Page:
Dependent Variables

By using International Classification of Diseases, Ninth Edition and Current Procedural Terminology codes, we identified all breast biopsies and surgical procedures that occurred during the same 9-month window. The list of diagnosis and procedure codes used in this study was developed in consultation with breast cancer clinical experts and appears in Table 1. In nearly a third of cases (14,582), women had claims for more than 1 biopsy procedure during the study period. When multiple biopsy procedure claims occurred on the same day, we considered this to be only 1 biopsy. When the same type of biopsy claim occurred on more than 1 day, we treated this as an additional biopsy procedure. We then measured the number of total biopsies and surgical procedures performed on the breast for each patient during the study period. We classified each patient as having received 1) a surgical biopsy before surgical excision if the surgical biopsy was their first or only biopsy procedure, 2) a needle biopsy before surgical excision if the needle biopsy was their first or only biopsy procedure, or 3) 1-step surgical excision if they did not have a needle or surgical biopsy reported. Women who had 2 or more surgical procedures during the study period were considered to have had multiple breast surgeries, and the initial breast biopsy procedure was not included in this count.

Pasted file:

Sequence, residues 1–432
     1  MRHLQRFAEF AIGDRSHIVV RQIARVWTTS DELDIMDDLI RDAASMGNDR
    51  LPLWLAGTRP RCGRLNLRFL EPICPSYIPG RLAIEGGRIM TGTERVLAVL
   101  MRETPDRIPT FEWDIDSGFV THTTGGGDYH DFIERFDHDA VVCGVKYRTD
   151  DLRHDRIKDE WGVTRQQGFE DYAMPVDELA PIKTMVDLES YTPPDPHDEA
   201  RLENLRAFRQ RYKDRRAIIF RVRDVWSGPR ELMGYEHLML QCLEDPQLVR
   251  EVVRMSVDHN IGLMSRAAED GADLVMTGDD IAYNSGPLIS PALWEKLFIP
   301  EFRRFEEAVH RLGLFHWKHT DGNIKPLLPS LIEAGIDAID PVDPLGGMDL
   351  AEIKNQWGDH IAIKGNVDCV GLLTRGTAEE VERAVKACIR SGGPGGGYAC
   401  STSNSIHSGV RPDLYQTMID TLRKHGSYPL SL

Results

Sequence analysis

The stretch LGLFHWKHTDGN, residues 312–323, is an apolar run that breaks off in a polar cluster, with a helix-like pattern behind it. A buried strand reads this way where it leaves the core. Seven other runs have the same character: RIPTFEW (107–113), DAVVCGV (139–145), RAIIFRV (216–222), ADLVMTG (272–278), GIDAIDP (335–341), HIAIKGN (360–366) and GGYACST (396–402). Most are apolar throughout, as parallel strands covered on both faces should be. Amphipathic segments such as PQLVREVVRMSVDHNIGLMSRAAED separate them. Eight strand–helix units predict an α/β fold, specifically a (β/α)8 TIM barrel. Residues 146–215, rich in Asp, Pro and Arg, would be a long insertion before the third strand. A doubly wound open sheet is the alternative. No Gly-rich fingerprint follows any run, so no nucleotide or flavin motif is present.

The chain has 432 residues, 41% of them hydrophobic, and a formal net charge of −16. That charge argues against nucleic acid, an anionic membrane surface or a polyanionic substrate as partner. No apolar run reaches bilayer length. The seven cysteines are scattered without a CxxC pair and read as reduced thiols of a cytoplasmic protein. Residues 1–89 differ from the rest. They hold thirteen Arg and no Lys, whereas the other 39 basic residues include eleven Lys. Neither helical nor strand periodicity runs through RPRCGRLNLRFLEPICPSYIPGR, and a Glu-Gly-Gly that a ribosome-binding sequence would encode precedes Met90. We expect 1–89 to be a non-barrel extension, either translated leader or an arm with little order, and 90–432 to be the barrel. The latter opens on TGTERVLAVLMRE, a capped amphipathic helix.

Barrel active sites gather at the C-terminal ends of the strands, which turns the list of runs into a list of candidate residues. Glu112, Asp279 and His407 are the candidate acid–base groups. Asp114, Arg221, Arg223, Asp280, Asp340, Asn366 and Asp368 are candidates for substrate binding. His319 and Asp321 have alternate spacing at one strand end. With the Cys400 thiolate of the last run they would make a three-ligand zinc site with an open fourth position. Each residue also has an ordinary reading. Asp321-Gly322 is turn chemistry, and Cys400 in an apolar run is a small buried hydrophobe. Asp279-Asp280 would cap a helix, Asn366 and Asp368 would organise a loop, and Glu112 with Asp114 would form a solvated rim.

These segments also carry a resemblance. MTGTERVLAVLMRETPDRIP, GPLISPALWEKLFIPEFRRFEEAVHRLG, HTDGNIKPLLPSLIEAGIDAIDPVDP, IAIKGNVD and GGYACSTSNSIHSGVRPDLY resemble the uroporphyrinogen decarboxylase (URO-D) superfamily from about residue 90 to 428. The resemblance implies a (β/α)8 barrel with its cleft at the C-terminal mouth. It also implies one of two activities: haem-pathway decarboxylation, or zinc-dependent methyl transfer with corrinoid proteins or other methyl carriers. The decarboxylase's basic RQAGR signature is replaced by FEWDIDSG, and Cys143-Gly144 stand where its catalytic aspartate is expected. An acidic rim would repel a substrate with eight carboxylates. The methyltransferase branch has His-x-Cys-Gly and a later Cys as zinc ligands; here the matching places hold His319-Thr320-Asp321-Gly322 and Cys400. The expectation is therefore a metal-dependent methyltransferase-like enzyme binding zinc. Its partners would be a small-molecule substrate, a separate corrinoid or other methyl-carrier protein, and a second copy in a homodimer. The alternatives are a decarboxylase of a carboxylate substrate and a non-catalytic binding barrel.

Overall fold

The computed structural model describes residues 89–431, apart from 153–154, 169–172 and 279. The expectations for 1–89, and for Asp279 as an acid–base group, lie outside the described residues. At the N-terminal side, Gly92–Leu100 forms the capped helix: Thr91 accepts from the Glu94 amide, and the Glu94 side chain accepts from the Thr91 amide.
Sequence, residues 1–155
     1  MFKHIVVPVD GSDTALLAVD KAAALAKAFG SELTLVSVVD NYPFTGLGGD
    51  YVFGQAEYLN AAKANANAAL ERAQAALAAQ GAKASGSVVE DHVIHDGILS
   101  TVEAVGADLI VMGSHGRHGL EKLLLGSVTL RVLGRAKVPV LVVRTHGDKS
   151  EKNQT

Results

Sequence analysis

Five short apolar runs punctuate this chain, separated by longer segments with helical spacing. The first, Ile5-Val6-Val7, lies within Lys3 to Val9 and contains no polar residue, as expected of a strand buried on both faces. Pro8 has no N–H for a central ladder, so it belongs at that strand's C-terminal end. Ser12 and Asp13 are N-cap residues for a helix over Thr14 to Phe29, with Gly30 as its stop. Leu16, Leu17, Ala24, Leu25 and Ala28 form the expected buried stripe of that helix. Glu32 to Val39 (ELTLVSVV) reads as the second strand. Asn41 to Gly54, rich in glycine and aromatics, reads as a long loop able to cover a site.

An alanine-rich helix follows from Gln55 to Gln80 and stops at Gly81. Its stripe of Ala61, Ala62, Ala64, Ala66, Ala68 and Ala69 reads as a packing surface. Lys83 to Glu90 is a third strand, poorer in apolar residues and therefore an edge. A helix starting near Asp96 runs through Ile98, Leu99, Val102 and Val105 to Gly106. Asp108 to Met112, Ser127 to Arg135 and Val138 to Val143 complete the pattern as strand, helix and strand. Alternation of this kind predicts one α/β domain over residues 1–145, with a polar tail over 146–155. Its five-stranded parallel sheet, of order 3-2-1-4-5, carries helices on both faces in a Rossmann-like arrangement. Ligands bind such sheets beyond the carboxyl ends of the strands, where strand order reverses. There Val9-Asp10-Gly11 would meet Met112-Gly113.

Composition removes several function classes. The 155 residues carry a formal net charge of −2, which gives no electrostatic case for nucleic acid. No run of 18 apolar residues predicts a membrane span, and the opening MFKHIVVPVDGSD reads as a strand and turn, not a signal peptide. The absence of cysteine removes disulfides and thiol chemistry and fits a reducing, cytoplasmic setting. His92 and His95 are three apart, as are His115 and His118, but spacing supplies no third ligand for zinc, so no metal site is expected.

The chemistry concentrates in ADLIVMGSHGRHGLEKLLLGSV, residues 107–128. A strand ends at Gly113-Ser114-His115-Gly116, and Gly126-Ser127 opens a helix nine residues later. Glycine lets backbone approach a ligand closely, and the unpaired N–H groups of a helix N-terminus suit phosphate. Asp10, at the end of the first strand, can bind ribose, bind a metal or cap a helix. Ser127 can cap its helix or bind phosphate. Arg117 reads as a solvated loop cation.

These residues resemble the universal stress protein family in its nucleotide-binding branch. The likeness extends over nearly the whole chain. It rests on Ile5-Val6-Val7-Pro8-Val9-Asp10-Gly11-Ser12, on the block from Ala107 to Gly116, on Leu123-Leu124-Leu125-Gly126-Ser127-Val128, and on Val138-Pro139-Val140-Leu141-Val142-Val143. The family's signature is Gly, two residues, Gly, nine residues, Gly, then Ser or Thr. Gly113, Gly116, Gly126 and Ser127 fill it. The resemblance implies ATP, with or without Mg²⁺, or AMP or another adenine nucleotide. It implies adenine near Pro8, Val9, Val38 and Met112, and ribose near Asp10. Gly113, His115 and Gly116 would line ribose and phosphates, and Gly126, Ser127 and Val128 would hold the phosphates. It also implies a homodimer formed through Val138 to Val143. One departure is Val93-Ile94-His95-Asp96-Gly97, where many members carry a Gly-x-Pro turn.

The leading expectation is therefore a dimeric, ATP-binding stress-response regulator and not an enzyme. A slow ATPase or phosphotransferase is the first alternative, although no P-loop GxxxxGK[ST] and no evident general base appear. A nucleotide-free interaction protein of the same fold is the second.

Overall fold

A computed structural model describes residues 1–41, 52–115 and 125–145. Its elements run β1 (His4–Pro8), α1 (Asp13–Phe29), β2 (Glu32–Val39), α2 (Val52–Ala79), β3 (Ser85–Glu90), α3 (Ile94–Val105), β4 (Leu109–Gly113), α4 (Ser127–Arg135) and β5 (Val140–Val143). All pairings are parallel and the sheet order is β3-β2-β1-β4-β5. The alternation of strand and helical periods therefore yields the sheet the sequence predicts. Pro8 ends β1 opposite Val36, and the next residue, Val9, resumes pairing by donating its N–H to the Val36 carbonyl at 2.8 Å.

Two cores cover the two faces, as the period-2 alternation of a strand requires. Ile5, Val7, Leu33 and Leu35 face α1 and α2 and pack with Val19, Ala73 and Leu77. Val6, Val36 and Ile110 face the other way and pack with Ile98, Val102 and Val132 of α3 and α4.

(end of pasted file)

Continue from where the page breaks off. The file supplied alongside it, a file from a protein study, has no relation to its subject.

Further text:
Table 1. Diagnosis and Procedure Codes Used in This Study
VariableICD-9 Diagnostic CodesICD-9 Procedure CodesHCPCSCPTBETOSCENDRG
  1. ICD-9 indicates International Classification of Diseases, Ninth Revision; HCPCS, Health Care Procedure Coding System; CPT, Current Procedural Terminology; BETOS, Berenson-Eggers Type of Service; CEN, Revenue Center Code; DRG, Diagnosis-Related Group.

Needle biopsy 85.11 19000, 19001, 19100, 88170, 19102, 19103, 76095, 76360, 76393, 76942, 88171